About Diabetes


Diabetes has been identified as a serious and devastating health problem. This disease influences millions of people around the world. Basically, this disease can be classified into two types: Type 2 diabetes and Type 1 diabetes. Gestational diabetes is also a type of diabetes that affects pregnant women. There may be other types of diabetes that are currently being investigated.

Type 1 diabetes, which is an autoimmune disease, is associated with the abnormal destruction of beta cells in the pancreas. With type 2 diabetes, insulin is produced, but cannot be used efficiently (or at all) for glucose metabolism. This leads to the gradual destruction of beta cells that work to produce insulin. This is known in some circles as insulin resistance.

Traditional medications and lifestyle management are used to control diabetes, but have not been found to be very effective in reversing the symptoms. There is no cure for diabetes yet. In addition, many diabetics can find issue with overly restrictive lifestyle changes. Some side effects include kidney damage, loss of vision, frequent urination, and foot ulcers. There are many more symptoms and side effects of diabetes not listed here.

We believe that around 7% of the world’s population is diabetic, and nearly 250 million suffer from the disease. We believe diabetes is the sixth most common cause of death and can be linked directly to a number of other health complications such as heart disease, stroke, kidney failure and others. The total annual spending on this disease can be estimated at nearly 174 billion US dollars. Clinical studies, technological advances, and modern medicines have forced scientists to turn their research to the treatment of diabetes using stem cells.

Stem cells are cells that have the ability to transform into different types of cells. Scientists have identified the great potential of stem cells as being useful for monitoring the damage associated with diabetes. Modern technology has made it possible to easily isolate stem cells from abundant sources of the body such as bone marrow and fatty tissue. Once isolated, these stem cells can be fertilized in smaller amounts and then replanted into the body. The goal is for a targeted delivery of stem cells directly into the pancreas which may eventually reverse the effects of diabetes in some cases. However, this goal has not yet been reached.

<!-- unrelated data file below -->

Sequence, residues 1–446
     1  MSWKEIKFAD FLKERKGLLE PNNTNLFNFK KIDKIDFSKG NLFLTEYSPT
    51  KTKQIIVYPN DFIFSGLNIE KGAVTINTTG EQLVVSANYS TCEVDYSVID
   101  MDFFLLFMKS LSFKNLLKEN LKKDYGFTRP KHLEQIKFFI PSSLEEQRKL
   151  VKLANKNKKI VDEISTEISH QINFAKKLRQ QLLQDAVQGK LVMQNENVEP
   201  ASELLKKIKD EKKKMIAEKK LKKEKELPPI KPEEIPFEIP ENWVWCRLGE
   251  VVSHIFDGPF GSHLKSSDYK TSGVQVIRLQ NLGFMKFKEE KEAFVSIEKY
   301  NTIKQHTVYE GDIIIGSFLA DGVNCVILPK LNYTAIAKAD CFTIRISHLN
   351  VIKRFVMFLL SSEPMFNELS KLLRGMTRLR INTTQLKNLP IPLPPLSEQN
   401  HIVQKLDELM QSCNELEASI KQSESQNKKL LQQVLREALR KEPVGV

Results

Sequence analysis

Numerous clinical studies have shown the ability of stem cells to differentiate into beta cells in the pancreas and regulate the side effects of the immune system’s self-destructiveness. In addition, data has not yet revealed any serious side effects. Thus the stem cell treatment for diabetes may be feasible in the future.

Knowledge is power with diabetes. If we are looking into the past or into the future, diagnosis is key. Get tested regularly for diabetes. Sometimes the symptoms do not occur at all, and sometimes they are very mild until the disease has progressed significantly. Combating late diagnosis is as much an education campaign as it is a medical one. The key is finding the disease and treating it. Much of the damage from diabetes is cumulative. That means it builds up over time. In this case, much of the damage cannot currently be reversed medically, so prevention is key. One cannot prevent this damage without understanding that it is occurring, so that is why early diagnosis can be a lifesaver.

Always consult a clinician before making changes to your diabetes treatment, and get tested.

*The author of this blog is not a medical professional and this article does not contain professional medical advice. This blog is not intended to substitute for medical advice, treatment, or diagnosis. Always seek the advice of your physician or other qualified health provider with any questions you may have regarding a medical condition. Never disregard professional medical advice or delay in seeking it because of the contents of this article. If you think you may have a medical emergency, call 911 immediately.